We do not recommend the use of RDP over any untrusted network (eg: the internet, wifi) unless a suitably configured VPN is in use.

Edval can also be run on Linux operating systems, provided WINE is installed – which is (like Linux) totally free. and and others. These are browser based Windows instance, which allows you to login via Safari or other web browsers, and use Windows as if it was a local installation. Performance is slightly slower, but quite acceptable. This is a very cheap solution, which is far less than buying a Windows License over two years or so.

Citrix. With Citrix XenApp, users can simply and securely access applications instantly with a consistent high-quality experience regardless of location or device. This allows running Windows applications like Edval on the iPad. Note this may support isolated use of Edval on the iPad, but not the network enabled features of EdvalStaff or Daily.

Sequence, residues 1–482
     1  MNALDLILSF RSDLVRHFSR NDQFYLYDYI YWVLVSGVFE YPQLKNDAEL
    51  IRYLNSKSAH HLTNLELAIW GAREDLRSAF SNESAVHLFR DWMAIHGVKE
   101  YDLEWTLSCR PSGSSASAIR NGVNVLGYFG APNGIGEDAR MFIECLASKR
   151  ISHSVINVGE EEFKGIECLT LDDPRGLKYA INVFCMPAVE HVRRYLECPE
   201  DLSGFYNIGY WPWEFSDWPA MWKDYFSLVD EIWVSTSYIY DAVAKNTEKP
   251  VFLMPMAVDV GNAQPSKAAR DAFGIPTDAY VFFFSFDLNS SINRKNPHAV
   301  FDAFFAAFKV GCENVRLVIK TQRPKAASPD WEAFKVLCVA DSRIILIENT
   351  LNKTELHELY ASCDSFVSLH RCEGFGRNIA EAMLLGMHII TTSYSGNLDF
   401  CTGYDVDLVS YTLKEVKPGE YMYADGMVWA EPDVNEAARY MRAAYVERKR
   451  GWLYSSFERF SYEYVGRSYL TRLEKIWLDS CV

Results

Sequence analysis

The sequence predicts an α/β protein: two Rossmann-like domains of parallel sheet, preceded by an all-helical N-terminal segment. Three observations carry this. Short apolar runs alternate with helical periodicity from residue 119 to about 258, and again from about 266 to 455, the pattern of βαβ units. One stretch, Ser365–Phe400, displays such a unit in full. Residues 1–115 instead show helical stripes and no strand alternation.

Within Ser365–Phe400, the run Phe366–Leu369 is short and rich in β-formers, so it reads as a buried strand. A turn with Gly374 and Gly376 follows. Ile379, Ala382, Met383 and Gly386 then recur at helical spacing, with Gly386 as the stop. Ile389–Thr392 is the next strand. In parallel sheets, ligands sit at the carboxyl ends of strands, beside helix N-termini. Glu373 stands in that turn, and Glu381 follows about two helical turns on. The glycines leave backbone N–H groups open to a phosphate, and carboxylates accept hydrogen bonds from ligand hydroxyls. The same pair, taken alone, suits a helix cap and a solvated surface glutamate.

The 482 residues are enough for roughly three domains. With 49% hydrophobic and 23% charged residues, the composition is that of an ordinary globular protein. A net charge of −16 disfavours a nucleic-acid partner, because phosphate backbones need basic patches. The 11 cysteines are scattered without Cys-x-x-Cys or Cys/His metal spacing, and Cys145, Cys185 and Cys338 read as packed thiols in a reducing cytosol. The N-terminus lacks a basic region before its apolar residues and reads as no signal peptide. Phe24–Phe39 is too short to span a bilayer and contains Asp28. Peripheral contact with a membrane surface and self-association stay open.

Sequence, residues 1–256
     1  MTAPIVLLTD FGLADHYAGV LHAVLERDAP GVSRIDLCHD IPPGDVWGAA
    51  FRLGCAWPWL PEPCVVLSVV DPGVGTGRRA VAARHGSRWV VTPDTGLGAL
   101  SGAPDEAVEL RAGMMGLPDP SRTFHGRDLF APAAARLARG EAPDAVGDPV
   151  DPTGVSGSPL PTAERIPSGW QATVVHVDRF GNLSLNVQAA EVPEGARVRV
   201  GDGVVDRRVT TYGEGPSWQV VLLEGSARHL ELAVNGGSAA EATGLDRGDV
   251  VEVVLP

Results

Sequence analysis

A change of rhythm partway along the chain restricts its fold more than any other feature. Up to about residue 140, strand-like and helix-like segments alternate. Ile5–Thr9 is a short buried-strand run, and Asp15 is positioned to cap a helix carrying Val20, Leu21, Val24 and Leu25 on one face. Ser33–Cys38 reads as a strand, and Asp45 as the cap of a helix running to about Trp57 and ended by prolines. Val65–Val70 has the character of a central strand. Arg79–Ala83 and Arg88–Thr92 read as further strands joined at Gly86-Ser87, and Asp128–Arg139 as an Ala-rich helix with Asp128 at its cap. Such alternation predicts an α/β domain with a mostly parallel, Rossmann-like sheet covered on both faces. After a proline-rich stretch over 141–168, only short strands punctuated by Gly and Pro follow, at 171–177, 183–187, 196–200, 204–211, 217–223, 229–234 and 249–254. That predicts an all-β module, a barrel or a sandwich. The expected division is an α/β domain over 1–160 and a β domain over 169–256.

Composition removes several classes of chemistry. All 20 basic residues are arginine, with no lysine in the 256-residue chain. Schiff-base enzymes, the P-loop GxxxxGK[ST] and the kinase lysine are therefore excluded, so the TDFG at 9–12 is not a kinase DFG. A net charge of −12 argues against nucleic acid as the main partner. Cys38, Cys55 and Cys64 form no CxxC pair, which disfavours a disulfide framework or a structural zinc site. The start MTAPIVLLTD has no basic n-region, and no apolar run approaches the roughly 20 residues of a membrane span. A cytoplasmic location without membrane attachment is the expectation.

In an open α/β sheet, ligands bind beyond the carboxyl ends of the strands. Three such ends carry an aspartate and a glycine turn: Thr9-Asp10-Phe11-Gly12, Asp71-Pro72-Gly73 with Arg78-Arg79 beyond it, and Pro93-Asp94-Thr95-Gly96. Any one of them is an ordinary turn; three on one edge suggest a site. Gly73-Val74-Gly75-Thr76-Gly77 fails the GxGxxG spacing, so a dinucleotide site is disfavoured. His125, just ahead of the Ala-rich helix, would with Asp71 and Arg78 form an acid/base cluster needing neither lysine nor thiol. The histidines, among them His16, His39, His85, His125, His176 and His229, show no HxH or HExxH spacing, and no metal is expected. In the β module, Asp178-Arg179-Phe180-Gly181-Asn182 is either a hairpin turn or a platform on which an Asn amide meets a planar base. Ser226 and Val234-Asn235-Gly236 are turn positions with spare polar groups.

Logme in
This allows you to use a Mac,or an IOS (iPhone/iPad) or Android device, to remote run any Windows computer.This allows you to run EdvalDaily via your iPad for example, as long as you can access a Windows PC which has the EdvalDaily software available.

WineBottler repackages Windows apps for the Apple OS

This allows you to run Edval Windows apps as native Mac .app software, using wine.
This is a great solution. Works. Simple. Very minor issues relating to mapping of function keys to Windows 'F1' style keys, but can be largely done - See instructions below. Minor irritation with Mac keyboard not having a INS key or DEL, but this is easily managed using the Edval menus - so not really a problem. Occasional issues with printer and saving, but nothing major.